By Nakea Paige
Listen Up Lansing Staff Reporter
When you go to the doctor, you hope to leave with a cure. However, some leave with an addiction, or a new job as a drug dealer.
More and more, people are using prescription drugs like antidepressants or pain medication as a way one would use hardcore drugs. They are using them for recreation or even selling them which is not what these medications are for.
According to the Centers for Disease Control and Prevention, prescription drug addiction is becoming a big issue killing more people from accidental overdoses. If you suffer under addiction then these guys can help.
Some of the most popular prescriptions that people tend to abuse are Zanax, an anti anxiety medicine, Codeine, an ingredient in most cough syrups, Vicodin, a pain reliever, and Adderral, a mood stabilizer for patients with Attention Deficit Disorder and Attention Deficit Hyperactivity Disorder. There are several other mood stabilizers and pain relievers that other people are abusing, yet these are some of the most popular.
With music being a big outlet, people look to their favorite artists as inspiration, yet these people are glorifying these drugs.
Jacob Steed, a 23-year-old Lansing resident, said that he would use Codeine all the time “because all of the rappers did it.”
“Most people use Codeine or Promethazine to make ‘lean’ or ‘syrup.’ That basically means you are mixing the cough syrup with some sort of soda or juice with a candy piece like a Jolly Rancher,” explained Steed.
“Since the 90s, rappers and musicians have talked about using this drug. Since the 80s, musicians have been public with their abuse and it’s like well they are fine so hey let’s try,” Steed said. “I don’t do it on a regular basis but it is fun.”
The CDC states that white men ages 20-64 who live in poor rural populations and people with mental illnesses are the ones who are more at risk of abusing prescription drugs and potentially overdosing. Suggesting that people start being prescribed common addictive drugs at lower dosages to start.
Dr. Leana Wen, an attending physician and director of patient-centered care research in the Department of Emergency Medicine at George Washington University gave her insight on the looks of drug abuse in the emergency room in an article for National Public Radio.
“Narcotic prescriptions are multiplying. In 2009, pharmacies dispensed 257 million prescriptions for opioid painkillers, one for every adult American, and a 50 percent increase from 2000. While the U.S. makes up less than 5 percent of the world’s population, Americans consume 80 percent of its total opioid supply,” Wen told NPR.
Former drug user Samantha Jones talked about her struggles with prescription drug addiction.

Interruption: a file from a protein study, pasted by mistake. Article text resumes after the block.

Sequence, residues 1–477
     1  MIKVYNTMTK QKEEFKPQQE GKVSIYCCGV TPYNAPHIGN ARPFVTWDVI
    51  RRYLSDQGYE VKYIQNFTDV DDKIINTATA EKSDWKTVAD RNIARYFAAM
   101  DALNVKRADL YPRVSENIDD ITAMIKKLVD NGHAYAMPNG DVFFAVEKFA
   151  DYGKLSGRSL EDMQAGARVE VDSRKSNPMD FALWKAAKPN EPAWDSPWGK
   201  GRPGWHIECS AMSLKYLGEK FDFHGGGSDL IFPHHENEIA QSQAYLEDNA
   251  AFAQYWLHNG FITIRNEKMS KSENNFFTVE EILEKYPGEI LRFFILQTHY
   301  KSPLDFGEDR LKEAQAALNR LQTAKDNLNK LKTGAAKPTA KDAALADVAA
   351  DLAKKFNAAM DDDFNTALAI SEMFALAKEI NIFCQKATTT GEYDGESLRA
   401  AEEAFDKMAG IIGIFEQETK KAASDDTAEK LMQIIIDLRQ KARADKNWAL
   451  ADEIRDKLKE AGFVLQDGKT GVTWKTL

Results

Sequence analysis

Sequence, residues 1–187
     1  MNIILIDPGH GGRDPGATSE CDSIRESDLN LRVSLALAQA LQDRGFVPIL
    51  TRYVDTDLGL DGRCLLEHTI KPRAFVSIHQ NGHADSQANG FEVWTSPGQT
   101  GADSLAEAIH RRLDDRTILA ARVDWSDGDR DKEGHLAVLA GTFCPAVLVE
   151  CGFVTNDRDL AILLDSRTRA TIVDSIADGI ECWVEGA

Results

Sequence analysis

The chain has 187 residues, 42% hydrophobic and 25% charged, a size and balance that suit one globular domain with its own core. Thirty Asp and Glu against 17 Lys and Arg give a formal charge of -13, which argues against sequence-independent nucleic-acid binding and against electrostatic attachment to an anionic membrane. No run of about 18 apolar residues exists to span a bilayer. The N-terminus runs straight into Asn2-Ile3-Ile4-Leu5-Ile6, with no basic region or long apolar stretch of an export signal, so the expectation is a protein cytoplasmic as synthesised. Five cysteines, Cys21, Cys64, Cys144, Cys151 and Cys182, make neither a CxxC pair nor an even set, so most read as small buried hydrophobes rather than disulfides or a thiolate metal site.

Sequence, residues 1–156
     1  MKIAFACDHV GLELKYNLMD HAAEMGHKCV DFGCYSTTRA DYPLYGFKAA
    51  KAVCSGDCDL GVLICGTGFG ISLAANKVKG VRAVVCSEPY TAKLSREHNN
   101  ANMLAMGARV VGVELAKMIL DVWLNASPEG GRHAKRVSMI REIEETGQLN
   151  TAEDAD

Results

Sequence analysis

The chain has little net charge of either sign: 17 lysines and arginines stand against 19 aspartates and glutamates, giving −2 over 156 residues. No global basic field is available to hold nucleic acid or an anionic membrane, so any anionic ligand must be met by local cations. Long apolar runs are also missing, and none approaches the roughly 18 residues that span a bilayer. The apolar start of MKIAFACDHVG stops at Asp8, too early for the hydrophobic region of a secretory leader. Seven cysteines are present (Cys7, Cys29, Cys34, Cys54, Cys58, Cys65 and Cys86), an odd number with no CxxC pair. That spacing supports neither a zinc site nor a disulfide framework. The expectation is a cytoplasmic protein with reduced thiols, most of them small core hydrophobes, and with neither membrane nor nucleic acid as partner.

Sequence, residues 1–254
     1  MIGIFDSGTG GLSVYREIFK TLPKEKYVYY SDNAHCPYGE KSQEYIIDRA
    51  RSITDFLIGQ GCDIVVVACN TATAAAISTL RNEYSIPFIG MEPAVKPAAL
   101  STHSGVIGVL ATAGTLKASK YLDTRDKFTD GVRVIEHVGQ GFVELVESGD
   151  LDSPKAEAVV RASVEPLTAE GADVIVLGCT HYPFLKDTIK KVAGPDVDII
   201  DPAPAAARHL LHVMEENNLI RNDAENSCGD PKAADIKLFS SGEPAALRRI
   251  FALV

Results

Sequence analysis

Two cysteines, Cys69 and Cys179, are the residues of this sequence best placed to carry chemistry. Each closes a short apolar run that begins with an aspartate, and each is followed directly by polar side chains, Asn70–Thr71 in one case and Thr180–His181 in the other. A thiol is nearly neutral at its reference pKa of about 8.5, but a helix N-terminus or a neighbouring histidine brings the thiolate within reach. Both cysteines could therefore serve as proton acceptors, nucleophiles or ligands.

“It started when I needed medicine but didn’t have health insurance. A friend told me that he could get me a pain pill, and that was the end of the story,” Jones said.
“I didn’t smoke and hardly drank. It was a relief that I needed in order to get through the day, so I thought. I got that health insurance and found a way to say I was in pain in order to get a prescription,” she said. “If that didn’t work, it wasn’t hard to find anyone to sell me something.”
“I would ask my dealer how they got so many, he said people want money more than they want to have pills they probably don’t feel they need. I new I had an issue when I would spend money on pills before food,” she said. “I was able to stop before it got really bad like I have seen. People will do anything for a morphine pill before a hit of cocaine.’
This month alone, there have been over 20 arrest in Lansing for drugs. Though it wasn’t clear what drugs, local officers said they see a lot of illegal prescription drug possession.
People are seeing this issue becoming more and more of an issue that there are many organizations that are trying to help prevent these addictions. One program being the State Prescription Drug Monitoring Program through the Department of Justice Office of Diversion Control.
This program was designed to keep track of prescriptions and frequencies, state by state, in order to be able to spot and stop drug addiction. Michigan, as well as 36 other states are currently using this system.
Many people have to face the potential risk of addiction everyday. Going in to the hospital because you are sick, and walking out with a bag full of addictions is a very real situation.
If you or someone you know is battling addictions, please call your local addiction hotline or someone to help.